Image credit: Cox & Kings

Africa’s awe-inspiring landmarks are as big an attraction as its animals, says Katie McGonagle

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You’ve heard of the big five, but what about the monster ten?

Africa’s wildlife is justifiably world-renowned, but those aren’t the only natural assets this vast and varied continent has going for it.

Sweeping mountain ranges, winding waterways, thundering falls and towering sand dunes make up some of the most impressive sights you will ever lay eyes on. And now these landmarks, helped along by high-profile stunts like the 2009 celebrity Kilimanjaro climb, are moving up the holiday wishlist.

Here, we look at a handful of the most magnificent spectacles and show how easy it is to integrate them into an itinerary.


The iconic baobab is known as the ‘tree of life’ for good reason: as well as its myriad practical uses offering shelter, food and materials, it has acquired a cultural significance across Africa. Madagascar, the island off the east coast of Africa, is home to six of the eight species found worldwide, and boasts the baobab as its national tree.

There’s nowhere better to understand their importance than the magnificent baobab-lined road between Morondova and Belon’i Tsiribihina, where the ancient 30m-tall trees make an excellent addendum to classic wildlife-focused itineraries.


Some landmarks are made to be photographed, and anyone with an eye for an image would be hard-pressed to find a better subject than the glorious orange-red sand dunes of this enormous salt and clay pan. It’s easy to reach on a self-drive, but lodges within the Namib-Naukluft Park also offer excursions.

Cox & Kings’ recommendations include private lodges within the Kulala Wilderness Reserve closest to Sossusvlei, such as Little Kulala or Kulala Desert Lodge, or the pristine environment of Sossusvlei Desert Lodge, about an hour’s drive south of the dunes.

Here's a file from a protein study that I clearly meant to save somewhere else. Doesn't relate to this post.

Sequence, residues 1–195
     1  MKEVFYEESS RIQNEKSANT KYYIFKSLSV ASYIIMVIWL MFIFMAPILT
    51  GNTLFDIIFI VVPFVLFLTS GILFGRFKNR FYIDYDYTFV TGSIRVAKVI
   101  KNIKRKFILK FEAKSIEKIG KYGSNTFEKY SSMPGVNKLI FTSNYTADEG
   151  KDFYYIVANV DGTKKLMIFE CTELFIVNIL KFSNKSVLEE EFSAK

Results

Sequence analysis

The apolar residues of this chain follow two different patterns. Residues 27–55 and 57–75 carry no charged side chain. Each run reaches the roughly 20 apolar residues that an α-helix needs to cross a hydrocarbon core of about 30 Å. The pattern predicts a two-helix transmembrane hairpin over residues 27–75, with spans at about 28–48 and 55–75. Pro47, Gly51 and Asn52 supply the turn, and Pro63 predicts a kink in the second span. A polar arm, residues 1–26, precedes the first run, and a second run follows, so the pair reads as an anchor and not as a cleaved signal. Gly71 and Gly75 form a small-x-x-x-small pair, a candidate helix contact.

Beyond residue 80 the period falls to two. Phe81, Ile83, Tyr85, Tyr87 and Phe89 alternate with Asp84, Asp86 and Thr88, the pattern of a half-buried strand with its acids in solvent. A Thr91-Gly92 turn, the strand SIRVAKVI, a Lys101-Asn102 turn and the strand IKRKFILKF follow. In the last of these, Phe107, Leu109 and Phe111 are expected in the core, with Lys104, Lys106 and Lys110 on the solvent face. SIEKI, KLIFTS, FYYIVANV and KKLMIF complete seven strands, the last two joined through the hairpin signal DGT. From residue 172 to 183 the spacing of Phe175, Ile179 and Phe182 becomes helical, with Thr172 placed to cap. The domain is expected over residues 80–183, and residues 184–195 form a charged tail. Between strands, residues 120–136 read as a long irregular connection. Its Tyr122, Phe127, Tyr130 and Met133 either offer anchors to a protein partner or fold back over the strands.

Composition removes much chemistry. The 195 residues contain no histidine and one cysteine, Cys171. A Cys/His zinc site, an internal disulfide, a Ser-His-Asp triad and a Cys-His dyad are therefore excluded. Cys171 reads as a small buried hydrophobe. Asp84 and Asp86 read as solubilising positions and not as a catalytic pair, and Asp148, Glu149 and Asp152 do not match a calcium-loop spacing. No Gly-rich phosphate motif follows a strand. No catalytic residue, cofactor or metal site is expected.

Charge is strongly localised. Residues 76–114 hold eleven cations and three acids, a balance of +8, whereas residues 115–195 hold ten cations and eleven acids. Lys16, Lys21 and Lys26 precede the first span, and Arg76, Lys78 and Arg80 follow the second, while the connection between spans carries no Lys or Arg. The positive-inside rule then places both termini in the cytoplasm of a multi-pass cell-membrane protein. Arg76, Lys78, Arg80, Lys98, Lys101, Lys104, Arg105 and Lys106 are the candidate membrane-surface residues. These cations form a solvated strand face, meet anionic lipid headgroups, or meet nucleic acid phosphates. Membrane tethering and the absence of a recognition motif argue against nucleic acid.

At 5,895m, Mount Kilimanjaro is the highest peak in Africa, but it’s actually relatively accessible. Perhaps that’s why the number of climbers annually has almost doubled from 28,000 in 2003 to 52,000 last year.

There are six routes to the summit: operators such as G Adventures and Intrepid Travel favour the quicker and more scenic Marangu and Machame treks, but they can be busier and offer less time to acclimatise, so the likes of Explore and Exodus prefer the Lemosho and Rongai routes, taken by only 10% of Kilimanjaro climbers.


There can be few better ways to combine classic safari with the beauty of nature than the world’s largest inland delta, formed by tectonic activity that diverted water through its mass of reed-lined channels.

The usual game drives or bush walks are available, but most visitors opt to glide through its intricate waterways on a traditional mokoro canoe to spot big game such as hippo, warthog, elephant, buffalo, lion, giraffe and antelope, plus rare birds and plentiful plant life.



No visit to Cape Town would be complete without a trip to the top of Table Mountain. Take the adventurous route – the hike up Plattenklip Gorge takes less than two hours – or enjoy the gentler alternative of a scenic cable car ride.